CENTRAL indicates Cochrane Central Register of Controlled Trials; CPE, carbapenemase-producing multidrug-resistant microorganisms of the Enterobacterales order; ESBL-E, extended-spectrum β-lactamase–producing multidrug-resistant microorganisms of the Enterobacterales order; MDROs, multidrug-resistant microorganisms; MRSA, methicillin-resistant Staphylococcus aureus; PRISMA, Preferred Reporting Items for Systematic Reviews and Meta-analyses; RCT, randomized clinical trial; VRE, vancomycin-resistant enterococci; VRSA, vancomycin-resistant S aureus.
aEndNote software (Clarivate Analytics) was used to remove duplicates.
bThe Cohen κ indicated strong agreement for the full-text stage (κ = 0.82).
cGoodman et al36 included carbapenemase-producing Acinetobacter and Pseudomonas species in addition to CPE.
Odds ratios (ORs) are presented as random effects with inverse variance (except for the log [OR] column). Among studies, acid suppression mainly included exposure to proton pump inhibitors and/or histamine2 receptor antagonists, with few studies including other antacids.
A, Multidrug-resistant microorganisms of the Enterobacterales order (MDR-E). B, Vancomycin-resistant enterococci (VRE). Odds ratios (ORs) are presented as random effects with inverse variance (except for the log [OR] column).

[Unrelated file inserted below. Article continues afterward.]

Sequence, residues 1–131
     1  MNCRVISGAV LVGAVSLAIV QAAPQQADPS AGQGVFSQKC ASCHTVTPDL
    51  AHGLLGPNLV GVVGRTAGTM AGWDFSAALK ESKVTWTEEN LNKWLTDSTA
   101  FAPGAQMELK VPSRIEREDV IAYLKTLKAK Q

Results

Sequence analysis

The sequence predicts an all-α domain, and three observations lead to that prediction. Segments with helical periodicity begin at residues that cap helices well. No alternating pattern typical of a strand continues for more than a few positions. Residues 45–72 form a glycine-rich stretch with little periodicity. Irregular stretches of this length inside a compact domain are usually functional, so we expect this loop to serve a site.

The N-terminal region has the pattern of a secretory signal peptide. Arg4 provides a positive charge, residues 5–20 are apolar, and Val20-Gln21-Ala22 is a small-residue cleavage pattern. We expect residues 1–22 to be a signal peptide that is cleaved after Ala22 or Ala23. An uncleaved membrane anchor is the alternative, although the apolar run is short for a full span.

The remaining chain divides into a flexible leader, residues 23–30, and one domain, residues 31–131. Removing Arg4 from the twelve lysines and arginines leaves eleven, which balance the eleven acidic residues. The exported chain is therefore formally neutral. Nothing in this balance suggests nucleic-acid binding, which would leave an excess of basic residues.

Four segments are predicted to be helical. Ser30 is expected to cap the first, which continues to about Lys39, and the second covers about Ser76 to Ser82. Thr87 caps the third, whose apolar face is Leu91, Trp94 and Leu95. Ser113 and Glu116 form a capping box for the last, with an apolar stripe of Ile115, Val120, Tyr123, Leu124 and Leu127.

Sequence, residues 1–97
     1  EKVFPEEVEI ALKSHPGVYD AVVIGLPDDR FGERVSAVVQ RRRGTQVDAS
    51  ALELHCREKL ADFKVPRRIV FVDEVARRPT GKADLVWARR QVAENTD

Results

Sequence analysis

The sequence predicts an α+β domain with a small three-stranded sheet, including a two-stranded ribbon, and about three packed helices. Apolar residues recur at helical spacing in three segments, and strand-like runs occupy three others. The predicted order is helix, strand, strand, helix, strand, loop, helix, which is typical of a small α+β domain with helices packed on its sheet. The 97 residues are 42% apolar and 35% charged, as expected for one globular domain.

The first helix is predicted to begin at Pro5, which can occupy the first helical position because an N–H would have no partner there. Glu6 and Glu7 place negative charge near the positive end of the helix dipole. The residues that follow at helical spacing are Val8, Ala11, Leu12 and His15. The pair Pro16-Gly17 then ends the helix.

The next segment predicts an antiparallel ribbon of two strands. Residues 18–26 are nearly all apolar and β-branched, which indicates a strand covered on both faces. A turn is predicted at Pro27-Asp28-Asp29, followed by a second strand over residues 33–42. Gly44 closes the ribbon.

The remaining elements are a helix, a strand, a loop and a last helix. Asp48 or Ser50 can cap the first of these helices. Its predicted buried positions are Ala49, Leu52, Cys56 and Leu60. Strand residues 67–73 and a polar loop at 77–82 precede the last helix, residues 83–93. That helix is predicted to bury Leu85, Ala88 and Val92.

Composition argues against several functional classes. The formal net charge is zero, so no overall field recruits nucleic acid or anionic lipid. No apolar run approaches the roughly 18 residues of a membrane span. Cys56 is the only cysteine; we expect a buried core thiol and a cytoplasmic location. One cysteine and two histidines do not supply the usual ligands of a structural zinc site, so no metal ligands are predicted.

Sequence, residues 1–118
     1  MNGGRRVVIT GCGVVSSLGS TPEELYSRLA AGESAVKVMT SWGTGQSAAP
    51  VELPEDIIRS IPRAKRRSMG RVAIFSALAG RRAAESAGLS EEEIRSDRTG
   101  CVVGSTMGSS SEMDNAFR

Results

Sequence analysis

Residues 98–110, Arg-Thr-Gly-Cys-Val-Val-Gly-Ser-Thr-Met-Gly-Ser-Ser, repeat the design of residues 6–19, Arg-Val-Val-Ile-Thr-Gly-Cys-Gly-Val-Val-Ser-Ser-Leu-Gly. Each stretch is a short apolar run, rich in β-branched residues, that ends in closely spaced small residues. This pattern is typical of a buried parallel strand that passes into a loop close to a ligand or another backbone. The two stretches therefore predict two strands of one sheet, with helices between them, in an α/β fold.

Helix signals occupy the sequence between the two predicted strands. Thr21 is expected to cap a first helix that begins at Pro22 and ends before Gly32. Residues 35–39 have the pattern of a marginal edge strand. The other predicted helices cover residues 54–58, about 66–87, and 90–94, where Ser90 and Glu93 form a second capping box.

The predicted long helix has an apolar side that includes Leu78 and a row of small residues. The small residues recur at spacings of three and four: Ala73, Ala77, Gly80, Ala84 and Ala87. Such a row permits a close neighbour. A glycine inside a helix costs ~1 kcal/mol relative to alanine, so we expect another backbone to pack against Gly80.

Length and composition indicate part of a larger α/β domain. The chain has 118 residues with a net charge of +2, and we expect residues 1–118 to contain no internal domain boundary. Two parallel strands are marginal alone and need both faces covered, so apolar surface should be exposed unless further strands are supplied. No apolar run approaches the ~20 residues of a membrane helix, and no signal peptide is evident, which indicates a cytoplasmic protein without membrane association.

A, Carbapenemase-producing multidrug-resistant microorganisms of the Enterobacterales order (CPE). B, Extended-spectrum β-lactamase–producing multidrug-resistant microorganisms of the Enterobacterales order (ESBL-E). Odds ratios (ORs) are presented as random effects with inverse variance (except for the log [OR] column).
eMethods. Supplemental Methods.
eTable 1. Study Distribution According to World Health Organization Region.
eTable 2. Baseline Characteristics.
eTable 3. Exposure and Outcome Ascertainment.
eTable 4. Adjusted Study Results.
eTable 5. Quality Assessment According to the Modified Newcastle-Ottawa Scale.
eTable 6. Sensitivity Analyses After Exclusion of Studies on Urinary Tract Infections.
eTable 7. Sensitivity Analysis by the Leaving-One-Out Method.
eTable 8. Sensitivity Analysis by Knapp-Hartung Modification.
eFigure 1. Secondary Analysis.
eFigure 2. Subgroup Analysis by Design.
eFigure 3. Subgroup Analysis by Type of Acid Suppressant.
eFigure 4. Subgroup Analysis by Setting.
eFigure 5. Sensitivity Analysis of Studies With High Quality.
eFigure 6. Sensitivity Analyses by Mantel-Haenszel Weighting.
eFigure 7. Funnel Plot.